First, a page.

The Massachusetts law permitting pharmacies and pharmaceutical manufacturers to offer drug discounts to consumers, which was set to expire on January 1, 2023, has recently been extended to January 1, 2026.1
In its current form, Mass. Gen. Laws Ann. ch. 175H, § 3 allows pharmacies to provide discounts and free product vouchers to consumers in connection with pharmacy services, items, or prescription transfers. The law also allows pharmaceutical manufacturers to provide discounts, rebates, product vouchers, and other price reductions to individuals’ out-of-pocket drug expenses. Manufacturer discounts must be given to individuals through points of sale, mail-in rebates, or similar means, and may not include prescription drugs with AB rated generic equivalents, or any schedule II opioids.
The initial version of the law, passed in 2012, contained a sunset provision stating that it would automatically repeal in July 2015.2 This date has since been extended six times,3 including most recently last month.
Of note, a 2018 amendment to the law also directed the state’s Health Policy Commission (“HPC”)4 to study the use of prescription drug coupons and publish a report. Specifically, the law required the HPC to analyze the number and value of coupons redeemed in Massachusetts, the types of drugs for which coupons were frequently redeemed, any changes in brand and generic utilization, the effects on patient adherence and access, the impact of drug coupons on health care cost containment goals adopted by Massachusetts, and the impact of drug coupons on commercial and Group Insurance Commission (GIC) health insurance premiums and drug costs. The Commission presented its preliminary findings on October 2, 2019, and issued its full report in July of 2020.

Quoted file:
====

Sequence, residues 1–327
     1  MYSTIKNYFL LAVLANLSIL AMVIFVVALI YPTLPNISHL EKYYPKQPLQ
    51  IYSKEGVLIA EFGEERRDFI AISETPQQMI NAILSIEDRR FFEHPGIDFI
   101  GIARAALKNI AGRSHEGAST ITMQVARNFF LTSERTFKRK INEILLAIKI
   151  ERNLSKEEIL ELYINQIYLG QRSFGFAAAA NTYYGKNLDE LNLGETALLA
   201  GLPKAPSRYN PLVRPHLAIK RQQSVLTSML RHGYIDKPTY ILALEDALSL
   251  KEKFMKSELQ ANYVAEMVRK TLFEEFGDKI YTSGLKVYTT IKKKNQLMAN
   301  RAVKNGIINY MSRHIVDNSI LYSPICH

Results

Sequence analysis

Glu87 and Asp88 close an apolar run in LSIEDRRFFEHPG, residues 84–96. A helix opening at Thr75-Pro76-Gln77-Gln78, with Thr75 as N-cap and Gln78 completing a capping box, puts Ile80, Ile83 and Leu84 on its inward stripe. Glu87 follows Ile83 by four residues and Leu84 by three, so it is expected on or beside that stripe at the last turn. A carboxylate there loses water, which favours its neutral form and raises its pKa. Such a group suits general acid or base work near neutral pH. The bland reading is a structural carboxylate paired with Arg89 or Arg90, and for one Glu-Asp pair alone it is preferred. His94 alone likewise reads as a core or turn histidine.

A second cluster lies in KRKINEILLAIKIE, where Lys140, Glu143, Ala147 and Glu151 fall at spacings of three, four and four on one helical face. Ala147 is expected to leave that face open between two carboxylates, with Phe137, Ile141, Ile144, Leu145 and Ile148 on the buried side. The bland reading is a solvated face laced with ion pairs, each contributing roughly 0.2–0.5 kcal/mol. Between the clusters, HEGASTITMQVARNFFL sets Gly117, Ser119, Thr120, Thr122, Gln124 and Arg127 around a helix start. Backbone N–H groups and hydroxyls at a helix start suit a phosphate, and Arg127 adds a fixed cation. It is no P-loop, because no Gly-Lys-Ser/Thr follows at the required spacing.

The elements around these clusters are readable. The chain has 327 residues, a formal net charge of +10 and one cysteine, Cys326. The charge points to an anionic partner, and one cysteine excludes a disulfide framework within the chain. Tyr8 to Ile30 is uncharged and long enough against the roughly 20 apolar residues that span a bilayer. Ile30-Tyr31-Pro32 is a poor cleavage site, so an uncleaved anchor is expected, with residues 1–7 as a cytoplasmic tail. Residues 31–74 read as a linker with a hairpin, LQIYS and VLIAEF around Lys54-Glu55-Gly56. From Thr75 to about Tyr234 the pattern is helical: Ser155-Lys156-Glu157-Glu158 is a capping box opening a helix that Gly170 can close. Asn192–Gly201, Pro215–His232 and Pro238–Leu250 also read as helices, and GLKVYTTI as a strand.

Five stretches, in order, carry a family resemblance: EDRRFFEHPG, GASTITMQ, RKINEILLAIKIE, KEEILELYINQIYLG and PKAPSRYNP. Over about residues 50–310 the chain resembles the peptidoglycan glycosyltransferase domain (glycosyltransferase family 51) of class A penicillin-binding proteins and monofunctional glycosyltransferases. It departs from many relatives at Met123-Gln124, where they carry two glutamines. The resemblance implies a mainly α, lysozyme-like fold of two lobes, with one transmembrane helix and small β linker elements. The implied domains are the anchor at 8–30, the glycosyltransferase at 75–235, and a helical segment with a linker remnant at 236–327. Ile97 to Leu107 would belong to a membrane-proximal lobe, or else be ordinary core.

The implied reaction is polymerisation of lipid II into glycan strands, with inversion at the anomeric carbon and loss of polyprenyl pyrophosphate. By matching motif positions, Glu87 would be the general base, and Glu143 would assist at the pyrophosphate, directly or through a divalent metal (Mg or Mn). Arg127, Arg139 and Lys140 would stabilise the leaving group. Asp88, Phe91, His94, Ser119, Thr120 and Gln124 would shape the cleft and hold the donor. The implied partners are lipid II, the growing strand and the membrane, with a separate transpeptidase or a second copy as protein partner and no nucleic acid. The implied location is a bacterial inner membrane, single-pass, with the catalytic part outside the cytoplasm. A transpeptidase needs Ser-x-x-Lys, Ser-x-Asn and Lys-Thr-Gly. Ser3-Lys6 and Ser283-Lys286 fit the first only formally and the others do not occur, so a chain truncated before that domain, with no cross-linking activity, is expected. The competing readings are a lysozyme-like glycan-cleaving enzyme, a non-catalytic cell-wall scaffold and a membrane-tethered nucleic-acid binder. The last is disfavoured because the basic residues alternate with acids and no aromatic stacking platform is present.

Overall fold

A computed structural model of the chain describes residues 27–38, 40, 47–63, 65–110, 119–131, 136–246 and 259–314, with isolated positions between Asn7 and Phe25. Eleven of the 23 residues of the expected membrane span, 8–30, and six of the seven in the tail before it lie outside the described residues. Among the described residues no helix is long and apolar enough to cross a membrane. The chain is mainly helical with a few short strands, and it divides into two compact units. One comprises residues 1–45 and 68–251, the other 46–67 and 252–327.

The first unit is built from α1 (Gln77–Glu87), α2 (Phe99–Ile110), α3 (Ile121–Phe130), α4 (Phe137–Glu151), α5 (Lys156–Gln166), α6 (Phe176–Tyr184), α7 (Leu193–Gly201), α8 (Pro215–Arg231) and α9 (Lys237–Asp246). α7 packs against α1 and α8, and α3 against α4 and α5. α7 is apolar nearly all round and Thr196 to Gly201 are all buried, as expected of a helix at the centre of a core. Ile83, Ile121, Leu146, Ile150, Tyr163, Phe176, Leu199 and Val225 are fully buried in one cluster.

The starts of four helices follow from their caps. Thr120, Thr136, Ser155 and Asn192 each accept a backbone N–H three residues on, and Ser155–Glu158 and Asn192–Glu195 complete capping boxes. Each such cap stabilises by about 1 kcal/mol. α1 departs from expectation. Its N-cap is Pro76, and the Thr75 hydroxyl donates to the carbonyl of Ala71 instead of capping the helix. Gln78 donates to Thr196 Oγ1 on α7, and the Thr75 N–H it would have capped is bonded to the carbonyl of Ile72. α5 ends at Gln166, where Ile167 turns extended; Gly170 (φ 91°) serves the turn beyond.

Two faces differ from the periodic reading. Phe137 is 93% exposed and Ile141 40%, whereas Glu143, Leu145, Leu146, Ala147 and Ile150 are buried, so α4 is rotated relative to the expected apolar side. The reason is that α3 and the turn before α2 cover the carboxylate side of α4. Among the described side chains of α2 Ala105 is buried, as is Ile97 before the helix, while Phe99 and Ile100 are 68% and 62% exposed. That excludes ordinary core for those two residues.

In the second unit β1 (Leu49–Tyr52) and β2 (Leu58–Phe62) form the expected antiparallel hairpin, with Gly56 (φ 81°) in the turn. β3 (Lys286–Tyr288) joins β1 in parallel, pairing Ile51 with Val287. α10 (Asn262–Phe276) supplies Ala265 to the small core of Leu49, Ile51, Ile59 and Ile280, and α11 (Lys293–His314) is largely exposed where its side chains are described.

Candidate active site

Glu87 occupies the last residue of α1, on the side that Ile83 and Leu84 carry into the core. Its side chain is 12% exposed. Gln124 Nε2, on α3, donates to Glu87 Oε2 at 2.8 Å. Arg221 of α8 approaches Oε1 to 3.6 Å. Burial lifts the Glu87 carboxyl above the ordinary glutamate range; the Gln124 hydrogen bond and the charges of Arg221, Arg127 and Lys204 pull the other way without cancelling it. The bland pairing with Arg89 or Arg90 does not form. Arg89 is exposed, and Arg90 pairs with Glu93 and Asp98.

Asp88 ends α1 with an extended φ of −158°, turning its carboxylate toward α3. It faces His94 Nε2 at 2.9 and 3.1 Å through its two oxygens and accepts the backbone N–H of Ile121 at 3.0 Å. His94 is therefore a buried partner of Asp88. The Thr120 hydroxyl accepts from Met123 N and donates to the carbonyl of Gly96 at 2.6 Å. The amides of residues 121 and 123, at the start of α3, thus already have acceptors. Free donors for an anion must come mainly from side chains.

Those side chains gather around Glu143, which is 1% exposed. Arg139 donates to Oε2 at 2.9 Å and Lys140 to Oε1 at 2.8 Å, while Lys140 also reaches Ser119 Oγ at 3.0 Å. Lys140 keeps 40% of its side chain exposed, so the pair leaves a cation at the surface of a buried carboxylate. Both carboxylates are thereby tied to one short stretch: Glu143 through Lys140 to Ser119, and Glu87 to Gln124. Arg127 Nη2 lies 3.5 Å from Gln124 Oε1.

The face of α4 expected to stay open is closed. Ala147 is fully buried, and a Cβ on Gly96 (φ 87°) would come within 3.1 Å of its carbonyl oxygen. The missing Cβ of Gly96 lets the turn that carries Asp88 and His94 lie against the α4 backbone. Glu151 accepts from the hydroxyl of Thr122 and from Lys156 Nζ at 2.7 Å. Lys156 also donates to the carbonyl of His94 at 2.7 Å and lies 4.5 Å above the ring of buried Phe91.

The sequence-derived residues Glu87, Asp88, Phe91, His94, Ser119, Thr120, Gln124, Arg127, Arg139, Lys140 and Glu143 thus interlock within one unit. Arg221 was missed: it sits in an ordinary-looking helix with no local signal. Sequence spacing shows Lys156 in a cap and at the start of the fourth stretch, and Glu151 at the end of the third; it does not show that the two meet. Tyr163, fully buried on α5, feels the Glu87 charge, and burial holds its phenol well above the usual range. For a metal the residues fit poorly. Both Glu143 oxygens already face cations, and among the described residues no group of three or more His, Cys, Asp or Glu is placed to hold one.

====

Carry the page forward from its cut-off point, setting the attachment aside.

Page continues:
On February 10, 2022, the Senate rejected an amendment to Senate Bill 2651, which would have not only extended the sunset provision to 2028 but also would have required (1) prescription drug manufacturers to provide the Massachusetts Center for Health Information and Analysis with information on prescription drug coupon redemption and value annually, and (2) licensed insurers to provide certain drug pricing and drug discount coupon information to network providers and patients during clinical visits.
3 See Section 2 of Chapter 441 of the Acts of 2014, available at, https://malegislature.gov/Laws/SessionLaws/Acts/2014/Chapter441. Section 2 inserted “2017” in place of “2015” in the 2012 Sunset Provision (the “2014 Sunset Provision”);
Section 129 of Chapter 133 of the Acts of 2016, available at, https://malegislature.gov/Laws/SessionLaws/Acts/2016/Chapter133. Section 129 inserted “2019” in place of “2017”
Section 1 of Chapter 363 of the Acts of 2018, available at, https://malegislature.gov/Laws/SessionLaws/Acts/2018/Chapter363. Section 1 inserted “January 1, 2020” in place of “July 1, 2019”
Section 15 of Chapter 142 of the Acts of 2019, available at, https://malegislature.gov/Laws/SessionLaws/Acts/2019/Chapter142. Section 15 inserted “2021” in place of “2020”
Section 59 of Chapter 227 of the Acts of 2020, available at, https://malegislature.gov/Laws/SessionLaws/Acts/2020/Chapter227. Section 59 inserted “2023” in place of “2021”
4 The HPC is an independent state agency established by Chapter 224 of the Acts of 2012, An act improving the quality of health care and reducing costs through increased transparency, efficiency and innovation. The mission of the HPC is to monitor the reform of the health care delivery and payment systems in Massachusetts and develop innovative health policy to reduce overall cost growth while improving the quality of patient care. See HPC Prescription Drug Coupon Study (July 2020), available at, https://www.mass.gov/doc/prescription-drug-coupon-study/download.